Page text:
While paying down your debt is an important long-term goal, debt payment should only make up a small portion of your total budget. Obviously, if it interferes with payments for other necessities, like utility bills or transportation to and from work, you'll just be digging yourself into a different hole. Financial advisers and lenders differ in their recommendations, and the right percentage also depends on what types of debt you have.
Net vs. Gross Pay
Your take-home pay is called net pay because it is what you actually get with each paycheck. Your gross pay, on the other hand, is the amount that your employer designates as your salary before subtracting taxes, voluntary retirement contributions, health insurance dues and income tax withholding. Many financial experts make recommendations based on gross pay, not take-home pay, so the percent of your take-home pay that you should spend on loan payments will vary depending on how much money comes out of your paycheck before you get it.
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Most lenders require that your mortgage payment, including taxes and insurance, be no more than 28 percent of your gross pay. To find the correct percentage for your take-home pay, divide your monthly gross pay by your take-home pay and multiply this by 28. For example, say your monthly gross salary is $4,000, but your monthly take-home pay is only $3,180. Divide $4,000/$3,180 to get 1.26 and multiply this by 28 to calculate that in this case, your mortgage payment should only be 35 percent of your net pay.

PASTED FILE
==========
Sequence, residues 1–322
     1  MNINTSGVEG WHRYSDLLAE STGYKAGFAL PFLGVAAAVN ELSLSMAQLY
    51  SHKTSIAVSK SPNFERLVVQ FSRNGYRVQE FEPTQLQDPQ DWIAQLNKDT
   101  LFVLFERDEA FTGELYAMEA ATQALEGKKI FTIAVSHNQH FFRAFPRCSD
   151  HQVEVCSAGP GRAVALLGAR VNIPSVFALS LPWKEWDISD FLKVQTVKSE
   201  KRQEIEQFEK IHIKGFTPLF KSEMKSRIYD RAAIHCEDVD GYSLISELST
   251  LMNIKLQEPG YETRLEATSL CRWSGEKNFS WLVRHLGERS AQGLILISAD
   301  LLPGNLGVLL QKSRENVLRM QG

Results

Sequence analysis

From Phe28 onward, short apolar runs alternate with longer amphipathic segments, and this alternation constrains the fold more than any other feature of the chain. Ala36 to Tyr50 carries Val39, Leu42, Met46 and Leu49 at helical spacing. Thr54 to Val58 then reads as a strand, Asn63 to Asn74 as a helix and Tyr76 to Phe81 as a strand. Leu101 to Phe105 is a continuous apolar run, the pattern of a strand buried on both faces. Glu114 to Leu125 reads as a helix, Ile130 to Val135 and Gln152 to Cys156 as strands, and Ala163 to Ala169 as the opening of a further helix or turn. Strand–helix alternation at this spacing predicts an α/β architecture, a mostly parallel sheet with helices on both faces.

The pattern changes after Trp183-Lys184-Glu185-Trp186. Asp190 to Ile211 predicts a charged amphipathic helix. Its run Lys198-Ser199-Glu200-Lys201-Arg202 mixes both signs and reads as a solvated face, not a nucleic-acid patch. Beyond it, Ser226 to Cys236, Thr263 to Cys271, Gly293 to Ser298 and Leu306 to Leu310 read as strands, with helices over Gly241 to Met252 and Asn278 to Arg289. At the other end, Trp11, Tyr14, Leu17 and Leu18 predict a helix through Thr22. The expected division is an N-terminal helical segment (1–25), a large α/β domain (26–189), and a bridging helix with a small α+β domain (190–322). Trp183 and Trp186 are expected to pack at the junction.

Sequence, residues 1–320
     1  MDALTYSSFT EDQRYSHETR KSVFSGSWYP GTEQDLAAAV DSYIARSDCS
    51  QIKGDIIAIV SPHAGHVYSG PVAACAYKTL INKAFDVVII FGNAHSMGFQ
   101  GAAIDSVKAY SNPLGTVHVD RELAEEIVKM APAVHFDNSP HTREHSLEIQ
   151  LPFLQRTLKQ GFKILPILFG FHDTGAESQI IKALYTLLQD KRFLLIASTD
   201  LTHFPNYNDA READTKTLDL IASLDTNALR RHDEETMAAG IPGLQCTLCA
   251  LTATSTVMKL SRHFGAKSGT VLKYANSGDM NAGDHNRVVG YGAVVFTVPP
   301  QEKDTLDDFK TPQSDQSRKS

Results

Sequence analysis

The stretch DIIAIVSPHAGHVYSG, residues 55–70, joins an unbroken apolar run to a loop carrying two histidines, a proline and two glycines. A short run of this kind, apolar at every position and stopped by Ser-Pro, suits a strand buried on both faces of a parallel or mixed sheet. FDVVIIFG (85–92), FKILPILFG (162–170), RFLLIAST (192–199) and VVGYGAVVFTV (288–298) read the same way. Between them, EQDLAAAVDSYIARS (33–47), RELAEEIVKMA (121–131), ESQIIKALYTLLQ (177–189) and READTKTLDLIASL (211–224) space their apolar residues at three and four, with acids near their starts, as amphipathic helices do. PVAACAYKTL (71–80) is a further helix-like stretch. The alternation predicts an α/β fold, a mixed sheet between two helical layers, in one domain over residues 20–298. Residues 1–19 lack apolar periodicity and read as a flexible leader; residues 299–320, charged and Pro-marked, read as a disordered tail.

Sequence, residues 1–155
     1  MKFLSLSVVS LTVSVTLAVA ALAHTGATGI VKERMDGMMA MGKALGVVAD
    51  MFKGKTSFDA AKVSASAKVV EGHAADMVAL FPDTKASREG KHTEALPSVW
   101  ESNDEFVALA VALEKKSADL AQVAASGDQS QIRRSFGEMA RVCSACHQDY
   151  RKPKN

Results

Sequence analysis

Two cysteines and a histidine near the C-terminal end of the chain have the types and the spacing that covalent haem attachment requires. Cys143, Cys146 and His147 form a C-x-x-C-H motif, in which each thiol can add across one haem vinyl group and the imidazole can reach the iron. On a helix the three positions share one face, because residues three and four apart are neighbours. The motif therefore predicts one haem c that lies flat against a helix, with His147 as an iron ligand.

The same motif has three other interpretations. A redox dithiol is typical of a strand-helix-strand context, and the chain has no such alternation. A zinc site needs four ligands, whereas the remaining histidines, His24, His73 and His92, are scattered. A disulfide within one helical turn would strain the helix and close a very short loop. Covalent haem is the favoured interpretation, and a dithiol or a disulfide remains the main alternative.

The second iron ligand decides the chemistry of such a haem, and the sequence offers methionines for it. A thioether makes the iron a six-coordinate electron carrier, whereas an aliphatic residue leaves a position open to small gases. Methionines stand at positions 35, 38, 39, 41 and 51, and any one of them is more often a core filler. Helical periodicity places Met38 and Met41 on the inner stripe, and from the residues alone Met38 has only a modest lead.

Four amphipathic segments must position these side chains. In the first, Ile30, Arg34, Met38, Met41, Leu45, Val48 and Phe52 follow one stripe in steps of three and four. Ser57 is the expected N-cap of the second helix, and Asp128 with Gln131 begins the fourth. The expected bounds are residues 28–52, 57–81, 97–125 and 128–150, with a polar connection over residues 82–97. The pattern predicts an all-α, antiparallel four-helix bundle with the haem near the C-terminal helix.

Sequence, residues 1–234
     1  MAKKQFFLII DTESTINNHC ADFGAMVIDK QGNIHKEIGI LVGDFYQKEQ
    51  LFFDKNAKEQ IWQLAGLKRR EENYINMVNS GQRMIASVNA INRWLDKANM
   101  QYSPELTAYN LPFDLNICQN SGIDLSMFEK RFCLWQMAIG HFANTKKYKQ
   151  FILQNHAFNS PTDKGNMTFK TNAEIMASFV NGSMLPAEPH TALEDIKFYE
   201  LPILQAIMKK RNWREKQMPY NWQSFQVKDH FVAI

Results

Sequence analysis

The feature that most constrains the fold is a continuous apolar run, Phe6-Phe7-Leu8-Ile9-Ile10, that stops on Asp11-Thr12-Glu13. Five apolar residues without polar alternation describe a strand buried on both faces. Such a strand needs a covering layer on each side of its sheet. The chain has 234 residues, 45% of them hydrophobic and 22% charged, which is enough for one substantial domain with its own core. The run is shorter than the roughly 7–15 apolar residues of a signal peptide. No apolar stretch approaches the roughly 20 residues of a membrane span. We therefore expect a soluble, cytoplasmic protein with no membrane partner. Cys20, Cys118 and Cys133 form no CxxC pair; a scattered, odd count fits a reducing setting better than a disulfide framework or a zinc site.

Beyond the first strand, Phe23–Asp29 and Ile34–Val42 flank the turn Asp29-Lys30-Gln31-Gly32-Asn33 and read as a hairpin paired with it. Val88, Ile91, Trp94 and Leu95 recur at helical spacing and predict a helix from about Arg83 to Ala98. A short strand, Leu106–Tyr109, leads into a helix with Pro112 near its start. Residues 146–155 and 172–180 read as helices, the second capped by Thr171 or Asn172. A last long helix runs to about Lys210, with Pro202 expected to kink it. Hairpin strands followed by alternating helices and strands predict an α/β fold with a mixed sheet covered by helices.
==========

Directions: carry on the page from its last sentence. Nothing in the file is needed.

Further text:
Lenders for mortgages typically do not want your total debt payments, including your mortgage, to exceed 36 percent of your gross pay. If your mortgage is the full 28 percent, this means that your other debt can be up to 8 percent of your gross pay. Use the same calculations as for the mortgage payment, substituting 8 for 28 to find how much of your net pay should go to other debts. If your mortgage is less than the maximum allowable for your income, you might be able to afford a slightly higher amount for other debts.
Department of Education
The Department of Education recommends limiting your debt payments, including student loans, credit cards and auto loans, to no more than 15 percent of your take-home pay. Note that this is more than the 8 percent or less of your gross pay that you are supposed to be spending on debt when you get a mortgage. Therefore, if your student loan payments are significant, you might have to pay off some of that debt before you can qualify for a mortgage.
Liz Pulliam Weston of MSN Money advocates a budgeting approach designed by Elizabeth Warren and Amelia Warren Tyagi. In this approach, the sum of all of your required payments should be no more than 50 percent of your take-home pay. These payments include not only minimum debt payments and rent, if you don't have a mortgage, but also utilities, insurance, food and basic transportation. In this scenario, because of necessary expenses besides debt, you should use no more than 30 to 40 percent of your take-home pay on minimum loan payments. Warren and Tyagi also recommend using about 20 percent of your take home pay either for savings or for making extra loan payments beyond the minimum.